Understanding attention selection in driving: From limited capacity to adaptive behaviour
Doctoral thesis, 2011
Accident analysis studies have consistently identified attention-related failures as key factors behind road crashes. However, less is known about how such failures lead to accidents. Traditionally, one reason for this knowledge gap has been a lack of sufficiently detailed data from the pre-crash phase, although this situation is currently changing with the advent of naturalistic driving studies. However, a remaining issue is the lack of an adequate conceptual model of attention selection applicable in natural driving situations. Existing attention models applied in the driving domain are generally based on the notion of attention as a resource with limited capacity, subject to overload in demanding conditions. Such models have mainly focused on dual task interference in experimental situations and but have put less emphasis on aspects central to attention selection in everyday driving such as expectancy and anticipatory attention allocation. The general objective of the present thesis was to obtain a better understanding of the relation between attention, performance and crash risk in real driving situations. To this end, a general conceptual framework for understanding attention selection in natural driving was developed, based on the view of attention selection as a form of adaptive behaviour rather than a consequence of limited information processing capacity. This also involved the development of a specific model of attention selection mechanisms and a series of empirical studies to support the model development. The main objective of these studies was to better understand the effects of working memory (or cognitive-) load on driving performance and the key mechanisms behind expectancy and proactive attention scheduling in driving. A key finding was that working memory load appears to selectively affect aspects of driving performance that can be characterised as controlled, while leaving reflexive and habitual, automatic, behaviours largely unaffected, an idea that resolves several inconsistent findings in the existing literature. Based on the proposed model, precise definitions of attention, expectancy, driver inattention and driver distraction were proposed. The thesis also suggests a general conceptualisation of the relation between attention selection and crashes. Finally, practical applications of the present findings in the areas of accident and incident analysis, countermeasure development and evaluation methods are discussed.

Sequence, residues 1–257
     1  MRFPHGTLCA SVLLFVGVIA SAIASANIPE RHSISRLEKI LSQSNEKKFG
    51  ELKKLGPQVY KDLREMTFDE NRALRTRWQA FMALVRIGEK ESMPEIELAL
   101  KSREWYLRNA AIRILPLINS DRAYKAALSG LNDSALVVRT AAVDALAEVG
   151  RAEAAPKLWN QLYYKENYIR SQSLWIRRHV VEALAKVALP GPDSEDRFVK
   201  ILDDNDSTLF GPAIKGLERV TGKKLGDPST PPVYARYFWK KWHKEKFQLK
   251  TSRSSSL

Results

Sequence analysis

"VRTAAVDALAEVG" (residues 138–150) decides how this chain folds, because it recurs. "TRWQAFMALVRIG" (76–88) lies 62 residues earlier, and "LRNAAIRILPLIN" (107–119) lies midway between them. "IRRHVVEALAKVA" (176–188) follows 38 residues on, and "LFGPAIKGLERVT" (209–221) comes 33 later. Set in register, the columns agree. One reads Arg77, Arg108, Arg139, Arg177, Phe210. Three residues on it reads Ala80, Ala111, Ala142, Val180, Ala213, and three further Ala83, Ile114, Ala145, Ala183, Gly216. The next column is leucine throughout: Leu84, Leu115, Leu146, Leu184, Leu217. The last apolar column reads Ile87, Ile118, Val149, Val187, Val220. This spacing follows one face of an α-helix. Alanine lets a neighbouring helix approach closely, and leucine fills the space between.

working memory load
adaptive driver behaviour